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Re: Vetting a CGI script

by idsfa (Vicar)
on Nov 12, 2003 at 18:02 UTC ( #306572=note: print w/ replies, xml ) Need Help??


in reply to Vetting a CGI script

For arbitrary input, consider that you are offering to set up a spam relay:

$in{myName} = "\n.\nMAIL FROM fake@dev.null\n" . "RCPT TO poor@target.domain\n" . "DATA\n$spam_message_goes_here\n\.\n" . "MAIL FROM junk@throwaway\nRCPT TO nobody@nowhere\n" . "DATA\n\nJust junk to avoid throwing an error"

... or anything else someone might want to do with access to your SMTP server. (Moral of story: Net::SMTP ... but I assume you are doing this as justification for a rewrite anyway.)


My parents just came back from a planet where the dominant life form had no
bilateral symmetry, and all I got was this stupid F-Shirt.


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Re: Re: Vetting a CGI script
by dvergin (Monsignor) on Nov 12, 2003 at 18:09 UTC
    Perfect! That's exactly the kind of thing I was looking for.

    So I would recommend the use of the sendmail '-i' option. Given that and the fact that all the email header data is hard-coded, is there any way to case grief with user data only going into the email body?

    ------------------------------------------------------------
    "Perl is a mess and that's good because the
    problem space is also a mess.
    " - Larry Wall

      I'd really recommend not doing that either. For one, the syntax for that call looks like:

      $message = "From: blah\nTo: blah\nSubject: blah\n\nmessage\n"; open (SENDMAIL,"|sendmail -i); print SENDMAIL $message; close(SENDMAIL);

      Updated:
      (Yes, I know it could be done with multiple print's, but I hate dribbling information through a pipe ...)

      Which is a bigger rewrite than moving to Net::SMTP:

      use Net::SMTP; $smtp = Net::SMTP->new('mailhost'); $smtp->mail($ENV{USER}); # print MAIL "MAIL FROM ..." $smtp->to('postmaster'); # print MAIL "RCPT TO ..." $smtp->data(); # print MAIL "DATA\n"; $smtp->datasend("line 1\n"); # print MAIL ... $smtp->datasend("line 2\n"); # print MAIL ... $smtp->datasend("line 3\n"); # print MAIL ... $smtp->dataend(); $smtp->quit;

      Updated: (duh ... typing "first" w/o a "second")
      Second, invoking a whole 'nother app (sendmail) when you've already got perl running is just a bunch more overhead on your server. You then also have any security holes in 'sendmail -i' to remember to look for.


      My parents just came back from a planet where the dominant life form had no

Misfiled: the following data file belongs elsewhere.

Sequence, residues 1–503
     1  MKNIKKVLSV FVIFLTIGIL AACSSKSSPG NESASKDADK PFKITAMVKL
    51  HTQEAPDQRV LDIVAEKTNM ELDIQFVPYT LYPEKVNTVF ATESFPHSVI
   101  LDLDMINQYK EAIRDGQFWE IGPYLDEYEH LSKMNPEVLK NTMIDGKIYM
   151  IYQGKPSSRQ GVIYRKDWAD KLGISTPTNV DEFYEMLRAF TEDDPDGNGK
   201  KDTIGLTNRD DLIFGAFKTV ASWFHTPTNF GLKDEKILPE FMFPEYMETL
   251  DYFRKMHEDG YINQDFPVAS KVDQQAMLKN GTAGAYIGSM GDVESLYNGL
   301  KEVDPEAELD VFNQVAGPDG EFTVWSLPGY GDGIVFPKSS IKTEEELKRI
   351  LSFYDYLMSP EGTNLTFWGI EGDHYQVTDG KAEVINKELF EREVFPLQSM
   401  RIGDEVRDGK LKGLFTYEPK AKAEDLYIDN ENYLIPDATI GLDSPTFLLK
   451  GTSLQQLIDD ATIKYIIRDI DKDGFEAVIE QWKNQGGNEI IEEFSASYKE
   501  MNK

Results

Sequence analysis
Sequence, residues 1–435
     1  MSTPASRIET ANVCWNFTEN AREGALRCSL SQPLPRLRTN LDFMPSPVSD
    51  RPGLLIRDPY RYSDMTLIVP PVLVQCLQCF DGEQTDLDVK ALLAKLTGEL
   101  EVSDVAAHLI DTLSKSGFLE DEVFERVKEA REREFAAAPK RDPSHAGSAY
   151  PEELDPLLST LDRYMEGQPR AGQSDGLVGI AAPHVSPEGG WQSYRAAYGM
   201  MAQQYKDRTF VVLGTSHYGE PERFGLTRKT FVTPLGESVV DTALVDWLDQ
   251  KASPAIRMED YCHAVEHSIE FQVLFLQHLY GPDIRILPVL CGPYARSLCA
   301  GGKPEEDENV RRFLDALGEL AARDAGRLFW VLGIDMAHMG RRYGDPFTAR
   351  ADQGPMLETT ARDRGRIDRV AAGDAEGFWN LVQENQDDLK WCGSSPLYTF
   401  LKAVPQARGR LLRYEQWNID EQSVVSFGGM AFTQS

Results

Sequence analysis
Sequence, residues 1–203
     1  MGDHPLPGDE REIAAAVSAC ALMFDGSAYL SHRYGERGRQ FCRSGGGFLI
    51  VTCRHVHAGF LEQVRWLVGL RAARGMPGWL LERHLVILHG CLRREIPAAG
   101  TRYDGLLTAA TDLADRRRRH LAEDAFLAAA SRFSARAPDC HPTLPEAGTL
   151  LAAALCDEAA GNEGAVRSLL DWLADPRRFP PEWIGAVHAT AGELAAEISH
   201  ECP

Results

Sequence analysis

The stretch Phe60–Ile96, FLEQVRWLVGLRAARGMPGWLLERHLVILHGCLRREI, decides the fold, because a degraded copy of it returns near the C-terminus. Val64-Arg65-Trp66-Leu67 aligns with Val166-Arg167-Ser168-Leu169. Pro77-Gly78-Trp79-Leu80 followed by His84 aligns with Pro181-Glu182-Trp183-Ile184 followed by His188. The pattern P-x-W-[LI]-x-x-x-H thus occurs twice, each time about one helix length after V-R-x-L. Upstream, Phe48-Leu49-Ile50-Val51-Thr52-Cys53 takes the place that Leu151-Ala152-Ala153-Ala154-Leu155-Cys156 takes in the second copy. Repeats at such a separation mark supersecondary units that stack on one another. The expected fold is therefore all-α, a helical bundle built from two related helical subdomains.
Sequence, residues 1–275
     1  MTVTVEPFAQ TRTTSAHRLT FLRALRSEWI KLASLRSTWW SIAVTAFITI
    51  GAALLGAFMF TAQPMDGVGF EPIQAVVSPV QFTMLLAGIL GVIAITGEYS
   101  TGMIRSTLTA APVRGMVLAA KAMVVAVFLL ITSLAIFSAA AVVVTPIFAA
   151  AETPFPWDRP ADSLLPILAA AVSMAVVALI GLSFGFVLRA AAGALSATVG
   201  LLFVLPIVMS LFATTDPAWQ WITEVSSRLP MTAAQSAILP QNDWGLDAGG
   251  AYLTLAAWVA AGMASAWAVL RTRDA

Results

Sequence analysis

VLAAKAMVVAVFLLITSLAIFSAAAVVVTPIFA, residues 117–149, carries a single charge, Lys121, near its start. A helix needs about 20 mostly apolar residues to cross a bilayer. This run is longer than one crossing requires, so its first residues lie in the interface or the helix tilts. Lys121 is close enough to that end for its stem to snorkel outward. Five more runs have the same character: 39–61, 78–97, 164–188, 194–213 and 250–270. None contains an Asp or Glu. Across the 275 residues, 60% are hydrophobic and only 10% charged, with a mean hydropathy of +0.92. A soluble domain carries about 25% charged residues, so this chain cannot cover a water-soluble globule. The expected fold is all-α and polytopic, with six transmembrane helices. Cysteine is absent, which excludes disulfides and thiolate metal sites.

bilateral symmetry, and all I got was this stupid F-Shirt.
        Quothe idsfa: "I'd really recommend not doing that either. For one, the syntax..." I'm missing something. What is wrong with solving the "\n.\n" issue by using the '-i' option in a pipe to sendmail. And what is syntactly bad about the example you gave.

        Same question regarding use of Net::SMTP. The boss is going to ask me "Why?". I need a better answer than, "Some helpful person on the web said it was better." Why is the Net::SMTP code you recommend more secure than piping to sendmail with the '-i' option and hard-coded email header data? I know there are issues about gracefully handling situations where sendmail is missing or in a non-standard place. I'll deal with that. But what sort of potential input would Net::SMTP handle more securely in this situation?

        BTW: I use standard modules all the time and will likely recommend Net::SMTP for use here. This is not a question of wanting to avoid their use. I just want to have a knowledgable rationalle to explain myself.

        ------------------------------------------------------------
        "Perl is a mess and that's good because the
        problem space is also a mess.
        " - Larry Wall

Re: Re: Vetting a CGI script
by iburrell (Chaplain) on Nov 13, 2003 at 00:05 UTC
    That attack isn't a problem unless he was talking directly to the receiving mail server over SMTP. sendmail will encode the period and unless the receiving mail server is completely broken, the message will just have some SMTP commands in it.

    Update: I forgot about the -i flag to sendmail to prevent the rogue period from ending the message. The SMTP commands shouldn't be interpreted by sendmail but the period can be used to shorten the message sent.

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